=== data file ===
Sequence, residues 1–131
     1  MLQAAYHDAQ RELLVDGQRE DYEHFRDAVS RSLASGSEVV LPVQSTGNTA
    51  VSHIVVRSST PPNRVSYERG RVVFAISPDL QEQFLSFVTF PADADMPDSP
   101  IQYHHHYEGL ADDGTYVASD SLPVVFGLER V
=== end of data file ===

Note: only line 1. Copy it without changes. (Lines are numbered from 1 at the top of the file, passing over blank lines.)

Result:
Sequence, residues 1–131